A Test of Racial Bias in Capital Sentencing
We propose a test of bias based upon patterns of judicial errors. We model the trial court as minimizing a weighted sum of type I and II errors. We define racial bias a situation where the weight depends on defendant/victim race. If the court is unbiased, the error rate should be independent of the combination defendant/victim race. We test this prediction using an original dataset on all capital appeals in 1973-1995. We find that in the first and last stage of appeal the probability of error is 3 and 9 percentage points higher for minority defendants who killed white (vs. minority) victims.
|Date of creation:||Apr 2011|
|Date of revision:|
|Publication status:||published as “A Test for Racial Bias in Capital Punishment,” American Economic Review, Forthcoming 2014 (with Eliana La Ferrara).|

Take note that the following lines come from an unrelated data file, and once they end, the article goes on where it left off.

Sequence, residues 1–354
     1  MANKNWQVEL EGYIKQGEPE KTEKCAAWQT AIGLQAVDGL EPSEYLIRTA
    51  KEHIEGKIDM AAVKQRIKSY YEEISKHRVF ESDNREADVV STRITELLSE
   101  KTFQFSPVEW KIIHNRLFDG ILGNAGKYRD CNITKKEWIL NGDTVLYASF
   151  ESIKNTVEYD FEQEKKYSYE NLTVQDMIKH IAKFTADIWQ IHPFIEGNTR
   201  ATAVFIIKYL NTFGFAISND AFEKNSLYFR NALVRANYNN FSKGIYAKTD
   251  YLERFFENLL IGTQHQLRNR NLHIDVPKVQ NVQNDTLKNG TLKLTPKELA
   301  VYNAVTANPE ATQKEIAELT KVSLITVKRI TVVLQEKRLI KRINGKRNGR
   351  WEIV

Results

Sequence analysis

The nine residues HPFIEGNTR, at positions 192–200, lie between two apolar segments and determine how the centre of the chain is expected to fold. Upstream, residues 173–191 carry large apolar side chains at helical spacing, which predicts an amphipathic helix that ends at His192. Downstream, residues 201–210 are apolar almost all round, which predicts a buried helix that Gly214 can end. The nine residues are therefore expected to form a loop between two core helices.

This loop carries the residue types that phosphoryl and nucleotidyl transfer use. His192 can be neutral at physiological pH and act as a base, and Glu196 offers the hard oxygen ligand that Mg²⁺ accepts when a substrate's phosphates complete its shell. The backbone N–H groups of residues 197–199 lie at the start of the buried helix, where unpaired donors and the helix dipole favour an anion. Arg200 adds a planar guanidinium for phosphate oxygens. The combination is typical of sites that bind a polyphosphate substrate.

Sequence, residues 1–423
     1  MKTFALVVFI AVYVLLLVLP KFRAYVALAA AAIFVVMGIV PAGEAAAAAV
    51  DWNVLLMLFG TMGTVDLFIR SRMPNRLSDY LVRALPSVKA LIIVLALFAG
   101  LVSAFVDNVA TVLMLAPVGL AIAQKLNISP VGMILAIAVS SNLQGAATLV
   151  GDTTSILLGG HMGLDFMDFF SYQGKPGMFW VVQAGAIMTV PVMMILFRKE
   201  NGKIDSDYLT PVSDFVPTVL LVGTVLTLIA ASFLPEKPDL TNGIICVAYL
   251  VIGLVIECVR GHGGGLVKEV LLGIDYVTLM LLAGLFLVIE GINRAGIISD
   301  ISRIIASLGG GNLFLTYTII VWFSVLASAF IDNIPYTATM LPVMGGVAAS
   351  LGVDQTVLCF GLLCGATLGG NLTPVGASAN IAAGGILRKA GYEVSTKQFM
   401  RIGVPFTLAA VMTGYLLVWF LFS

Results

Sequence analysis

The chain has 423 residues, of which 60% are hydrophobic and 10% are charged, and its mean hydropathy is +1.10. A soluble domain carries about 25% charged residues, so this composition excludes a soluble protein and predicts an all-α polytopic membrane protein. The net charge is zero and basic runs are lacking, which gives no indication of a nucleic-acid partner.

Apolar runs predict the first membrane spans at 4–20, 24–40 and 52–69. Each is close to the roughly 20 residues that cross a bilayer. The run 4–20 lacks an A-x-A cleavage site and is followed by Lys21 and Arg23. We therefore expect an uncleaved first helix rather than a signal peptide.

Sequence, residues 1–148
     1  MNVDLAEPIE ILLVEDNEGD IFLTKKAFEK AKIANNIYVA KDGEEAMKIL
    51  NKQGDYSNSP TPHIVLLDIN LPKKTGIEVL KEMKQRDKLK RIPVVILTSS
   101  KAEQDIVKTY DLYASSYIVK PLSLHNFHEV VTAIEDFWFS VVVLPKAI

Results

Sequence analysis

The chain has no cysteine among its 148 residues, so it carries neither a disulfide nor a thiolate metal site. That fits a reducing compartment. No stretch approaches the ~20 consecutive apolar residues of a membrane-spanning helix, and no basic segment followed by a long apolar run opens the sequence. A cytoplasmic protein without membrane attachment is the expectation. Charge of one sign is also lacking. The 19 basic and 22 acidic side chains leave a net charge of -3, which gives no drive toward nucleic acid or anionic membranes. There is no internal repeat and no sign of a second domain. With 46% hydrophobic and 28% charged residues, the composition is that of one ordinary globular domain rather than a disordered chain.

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- Donohue III, John J. & Wolfers, Justin, 2006.
"Uses and Abuses of Empirical Evidence in the Death Penalty Debate,"
IZA Discussion Papers
1949, Institute for the Study of Labor (IZA).
- John J. Donohue III & Justin Wolfers, 2006. "Uses and Abuses of Empirical Evidence in the Death Penalty Debate," NBER Working Papers 11982, National Bureau of Economic Research, Inc.
- Donohue, John J & Wolfers, Justin, 2006. "Uses and Abuses of Empirical Evidence in the Death Penalty Debate," CEPR Discussion Papers 5493, C.E.P.R. Discussion Papers.
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